Being true to our First Principle means that we strive to be in right relationship with others. We strive to be respectful even when we disagree with the views and behavior of another. We strive to be gentle and to offer forgiveness and the understanding that redemption is always available.
Our First Principle calls us to leave the safety of our own comfort zone and stand against hunger and injustice in the world. It calls us to examine our own thoughts and actions in light of our understanding that all beings have worth and dignity. It calls us to reach out into our surroundings and build bridges between ourselves and those who are different from us. It calls us to be compassionate even when angry and hurt.
Our First Principle serves as the foundation for our remaining principles which are derived and deduced from it, principles which call us to be compassionate and just, which call us to accept one another and encourage each other's spiritual growth. Our First Principle assures us that we have the right to follow our own conscience in a search for truth and meaning.
Our First Principle assures us that the democratic process, which is based on the conscience of each person, will give us fair and equitable outcomes. Our First Principle underlies our desire for world community with peace, liberty, and justice for all.
And our First Principle makes it clear that not only is our own human worth and dignity invaluable but that the worth and dignity of all creation is precious and that we are interdependent within that creation.
In recent months and years, terrible cruel acts have been perpetrated upon innocent human beings---murders, bombings, abuse, and other violence.
In response to these acts, some victims and their relatives have sought revenge and retribution, so devastated are they by the violence that they can feel nothing but anger and hate, perhaps because they have been wounded many times in the past and have not experienced the compassion they themselves deserve.
But notably, very often in the aftermath of these events, there are other voices---voices of compassion for those who love the perpetrator, voices expressing a desire to understand why the offender might have become so twisted as to lash out, voices expressing hope and intention to pursue solutions to the underlying problems of desperate people, so that these kinds of events might be averted early.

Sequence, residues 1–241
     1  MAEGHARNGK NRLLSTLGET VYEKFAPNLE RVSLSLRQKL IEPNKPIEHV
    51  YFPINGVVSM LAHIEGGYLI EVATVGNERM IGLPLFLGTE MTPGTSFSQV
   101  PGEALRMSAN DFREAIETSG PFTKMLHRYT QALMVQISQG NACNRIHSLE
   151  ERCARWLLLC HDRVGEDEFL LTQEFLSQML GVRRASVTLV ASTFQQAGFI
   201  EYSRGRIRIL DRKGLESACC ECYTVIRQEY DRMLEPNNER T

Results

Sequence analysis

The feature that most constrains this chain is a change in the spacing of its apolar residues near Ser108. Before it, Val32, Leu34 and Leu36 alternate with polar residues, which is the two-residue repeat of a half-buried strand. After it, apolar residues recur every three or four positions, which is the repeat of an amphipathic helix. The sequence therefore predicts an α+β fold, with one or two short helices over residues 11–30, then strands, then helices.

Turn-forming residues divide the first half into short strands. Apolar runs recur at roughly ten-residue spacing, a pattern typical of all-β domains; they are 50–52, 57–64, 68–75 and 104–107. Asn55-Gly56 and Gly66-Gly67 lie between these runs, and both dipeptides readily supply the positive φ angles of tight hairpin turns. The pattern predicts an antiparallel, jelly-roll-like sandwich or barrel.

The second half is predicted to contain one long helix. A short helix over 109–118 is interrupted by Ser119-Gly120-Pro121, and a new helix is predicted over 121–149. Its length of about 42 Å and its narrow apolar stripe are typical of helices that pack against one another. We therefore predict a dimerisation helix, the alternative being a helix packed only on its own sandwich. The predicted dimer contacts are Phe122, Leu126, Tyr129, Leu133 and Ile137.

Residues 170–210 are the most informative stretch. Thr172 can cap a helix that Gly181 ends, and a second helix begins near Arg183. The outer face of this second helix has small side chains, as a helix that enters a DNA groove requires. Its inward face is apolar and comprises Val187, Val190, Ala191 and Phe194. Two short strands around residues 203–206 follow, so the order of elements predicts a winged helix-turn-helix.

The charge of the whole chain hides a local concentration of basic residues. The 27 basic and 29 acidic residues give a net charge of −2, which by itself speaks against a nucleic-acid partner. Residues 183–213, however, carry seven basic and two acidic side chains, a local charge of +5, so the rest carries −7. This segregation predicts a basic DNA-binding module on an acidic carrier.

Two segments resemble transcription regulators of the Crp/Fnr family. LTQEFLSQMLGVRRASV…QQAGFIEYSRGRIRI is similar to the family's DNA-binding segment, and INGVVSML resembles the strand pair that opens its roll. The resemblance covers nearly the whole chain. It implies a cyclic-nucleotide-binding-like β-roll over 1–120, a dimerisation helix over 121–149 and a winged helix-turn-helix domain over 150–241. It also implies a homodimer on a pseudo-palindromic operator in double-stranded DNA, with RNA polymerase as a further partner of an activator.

And many times, there is forgiveness offered---a compassion for the tortured life of the offender, an understanding that this person too has worth and dignity and that healing of this person's self is more important than revenge.
Our First Principle calls us to respond in healing ways as best we can. We will not always be able to reach this highest goal right away, yet strive we can for understanding and compassion, for forgiveness if not forgetting, for healing instead of additional hurt.
Let's pause for a time of silent reflection and prayer.
Hymn # 131, Love Will Guide Us
BENEDICTION: (Please reach out to your neighbor, holding hands or touching someone's shoulder, and let's close our service by affirming the joy of our community.)
Our worship service, our time of shaping worth together, is ended, but our service to the world begins again as we leave this place. Let us go in peace, remembering that our First Principle, our foundational belief, is that human life is inherently worthy and deserving of respect. May we strive to live that belief in our everyday lives and may we as a congregation commit ourselves to reaching out in our community to act on that belief. Amen, Shalom, Salaam, and Blessed Be.